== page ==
Sierra Leone Journal
Dispatches from Pre-War Freetown and Beyond


Soul on Fire

WASHINGTON, D.C.—“Play I on the R and B, want all my people to see,” cried Bob Marley in 1976, appealing to America’s radio programmers to air his music. But Marley’s plea fell on deaf ears. Today, more than a decade later, most of the world’s musicians continue to struggle behind a tinsel curtain of cultural apartheid.

In the United States, the world’s largest entertainment market, radio air play is the key to success. Music that fails to conform to a homogenized, top forty formula is usually ignored by high powered commercial stations, and is relegated instead to low power, small audience alternative radio. The major record companies, whose wealth affords them the power of promotion, are co-conspirators.

Despite the odds, an occasional breakthrough does occur. Harry Belafonte engineered the fifties’ calypso craze. Jamaican singer Millie Small scored in the sixties with “My Boy Lollipop.” Bob Marley himself was on the verge of breaking through before his tragic death in 1981.

The next musician to break the top forty strangle hold will be an African—at least that is the intention of Sierra Leonean record producer Ibrahim Bah. From his Washington based African Music Gallery—a retail, distribution, and production company—Bah works for the day when African music will capture America’s attention. Soul On Fire, his current attempt to smooth the road for such an occurrence, is the fusion of old soul standards, songs familiar to most Americans, with the sizzle of Congo music. “The problem,” he says, “is to get Americans to listen to the music of the rest of the world. We need to crack the door open.”

Cameroonian guitarist Vincent Nguini was Bah’s first recruit for the project. Nguini grew up in Yaoundé listening to American jazz guitarist Wes Montgomery on the radio and imitating the sounds on an old guitar strung with fishing line. He came to Washington after extended stops in Abidjan, Accra, Geneva, and Paris where he refined his craft with various bands, including a stint with Manu Dibango. He and Bah narrowed the list of songs for the new album, and Nguini set about arranging the music. A James Brown number, “Cold Sweat,” Ben E. King’s “Stand By Me,” “Direct Me” by Otis Redding, and Wilson Pickett’s “In The Midnight Hour” are among the seven classics selected. “I used to listen to the songs as a boy,” Nguini says. “The rhythm is already a dance beat. It is easy to play but difficult to arrange in African style. You don’t know how African people are going to take it, because it was Americanized. At the same time Americans would find it different from how they are used to hearing the songs.”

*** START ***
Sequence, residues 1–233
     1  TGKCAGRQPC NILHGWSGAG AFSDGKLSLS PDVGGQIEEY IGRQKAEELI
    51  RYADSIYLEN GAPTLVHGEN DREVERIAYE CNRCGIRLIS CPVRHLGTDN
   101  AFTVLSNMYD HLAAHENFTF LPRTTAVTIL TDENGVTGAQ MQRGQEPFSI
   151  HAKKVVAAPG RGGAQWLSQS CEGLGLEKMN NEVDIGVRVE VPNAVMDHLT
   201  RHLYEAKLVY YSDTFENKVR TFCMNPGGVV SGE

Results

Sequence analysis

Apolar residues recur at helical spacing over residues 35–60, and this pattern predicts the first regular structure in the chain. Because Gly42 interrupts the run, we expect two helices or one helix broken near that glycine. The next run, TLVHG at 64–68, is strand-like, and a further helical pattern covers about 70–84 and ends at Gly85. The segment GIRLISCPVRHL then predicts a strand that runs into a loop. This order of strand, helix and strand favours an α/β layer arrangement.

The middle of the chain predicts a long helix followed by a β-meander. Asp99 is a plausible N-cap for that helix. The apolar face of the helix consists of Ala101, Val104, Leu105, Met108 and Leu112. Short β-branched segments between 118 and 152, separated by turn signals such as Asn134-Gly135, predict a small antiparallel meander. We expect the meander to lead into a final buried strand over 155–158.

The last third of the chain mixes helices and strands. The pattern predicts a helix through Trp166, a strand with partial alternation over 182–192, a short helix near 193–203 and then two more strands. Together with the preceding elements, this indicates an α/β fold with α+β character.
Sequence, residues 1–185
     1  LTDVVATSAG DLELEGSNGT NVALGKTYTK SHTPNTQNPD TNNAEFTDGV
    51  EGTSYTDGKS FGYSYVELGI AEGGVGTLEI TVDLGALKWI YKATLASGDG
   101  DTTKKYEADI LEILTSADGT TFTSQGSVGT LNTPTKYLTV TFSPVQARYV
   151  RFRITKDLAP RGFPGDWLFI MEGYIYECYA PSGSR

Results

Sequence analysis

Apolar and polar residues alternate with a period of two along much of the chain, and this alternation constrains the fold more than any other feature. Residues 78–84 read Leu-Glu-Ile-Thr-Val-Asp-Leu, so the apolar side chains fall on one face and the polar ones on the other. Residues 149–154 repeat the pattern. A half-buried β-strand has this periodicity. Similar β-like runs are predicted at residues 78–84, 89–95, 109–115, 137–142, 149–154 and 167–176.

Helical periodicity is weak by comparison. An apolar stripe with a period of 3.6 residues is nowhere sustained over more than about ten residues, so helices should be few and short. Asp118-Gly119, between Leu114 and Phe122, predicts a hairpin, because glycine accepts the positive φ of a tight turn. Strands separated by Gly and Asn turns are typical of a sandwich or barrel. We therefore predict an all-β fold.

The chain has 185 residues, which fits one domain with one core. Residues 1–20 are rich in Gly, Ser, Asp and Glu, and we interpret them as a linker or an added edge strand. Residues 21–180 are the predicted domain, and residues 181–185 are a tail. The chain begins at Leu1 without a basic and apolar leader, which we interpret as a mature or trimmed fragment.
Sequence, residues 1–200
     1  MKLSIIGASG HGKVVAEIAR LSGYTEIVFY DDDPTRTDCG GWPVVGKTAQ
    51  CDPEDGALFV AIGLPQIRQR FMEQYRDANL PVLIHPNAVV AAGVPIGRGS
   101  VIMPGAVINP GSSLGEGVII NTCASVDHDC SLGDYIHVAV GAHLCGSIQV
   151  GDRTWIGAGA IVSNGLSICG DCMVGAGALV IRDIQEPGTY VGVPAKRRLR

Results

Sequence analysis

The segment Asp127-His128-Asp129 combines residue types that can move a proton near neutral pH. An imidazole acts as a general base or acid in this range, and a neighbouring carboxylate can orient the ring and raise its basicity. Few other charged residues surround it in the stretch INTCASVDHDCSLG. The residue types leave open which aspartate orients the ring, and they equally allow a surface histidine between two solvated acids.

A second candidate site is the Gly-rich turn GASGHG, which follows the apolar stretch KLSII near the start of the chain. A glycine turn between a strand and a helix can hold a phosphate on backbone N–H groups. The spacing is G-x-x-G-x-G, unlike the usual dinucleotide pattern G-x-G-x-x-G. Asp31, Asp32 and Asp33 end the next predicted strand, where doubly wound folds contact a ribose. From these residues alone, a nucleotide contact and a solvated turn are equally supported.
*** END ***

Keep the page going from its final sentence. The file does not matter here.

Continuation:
Nguini’s steady guitar, bass, and keyboard work anchors an illustrious ensemble that he calls Maloko (Douala for pleasure or enjoyment). Zaireans Syran Mbenza and Jean Papi, who were in the U.S. performing with the Four Stars, joined in the recording session. Syran’s soaring guitar and Papi’s smooth vocals do battle with the punchy, soulful voice of American rhythm and blues singer Tommy Lepson in a Matonge (Kinshasa’s quartier d’ambiance) meets Motown duel.

Ghana’s Okyeremah Asante, now resident in the U.S. following his work on Paul Simon’s Graceland tour, contributes percussion chops. On drums is another member of the Four Stars tour, Komba Bellow of Zaire. Trumpet player Tete Fredo of Cameroon, whose stellar session work helped make Paris the place to record African music in the late seventies and early eighties, leads the rousing horn section.

For Lepson, a white singer who was voted the Washington area’s best male rhythm and blues singer in 1987, it was his first encounter with African music. “I thought it’d be cool. I thought it’d be a challenge,” he says of the project. “I first asked Ibrahim if he didn’t want a black man, but he said no that the voice was most important.” Bah and Nguini coached him through the complicated arrangement that sometimes called for a double chorus or only half a verse. “I just had to wing it,” he says.

Bah anticipates some criticism from purists on both ends of the musical spectrum. “I don’t think music is a matter of philosophy,” he says. “It’s a matter of entertainment. The old music we copied has proven it’s good. The African music we have is good. When you put two good things together, how can you get bad? I don’t think we’re bastardizing the music at all. What we’re doing with Maloko is opening up the doors. People will ask questions and the answers will lead to African music.”

Initial response from the industry and public has been positive. RAS Records in the U.S. and Stern’s in England have agreed to act as distributors for the record. Several major radio stations have given it an airing, and the music press, including Billboard and Rolling Stone, have promised to do stories. But no matter how his gamble—and it has been considerable—turns out, Bah is philosophical. “For me, music is fun,” he says. “I can take the good with the bitter. For me to come up with this concept is benefit enough. Life will go on after Maloko, but I look forward to it doing well.”

This article first appeared in West Africa, no. 3722, 12 December 1988. Copyright © 1988 by Gary Stewart



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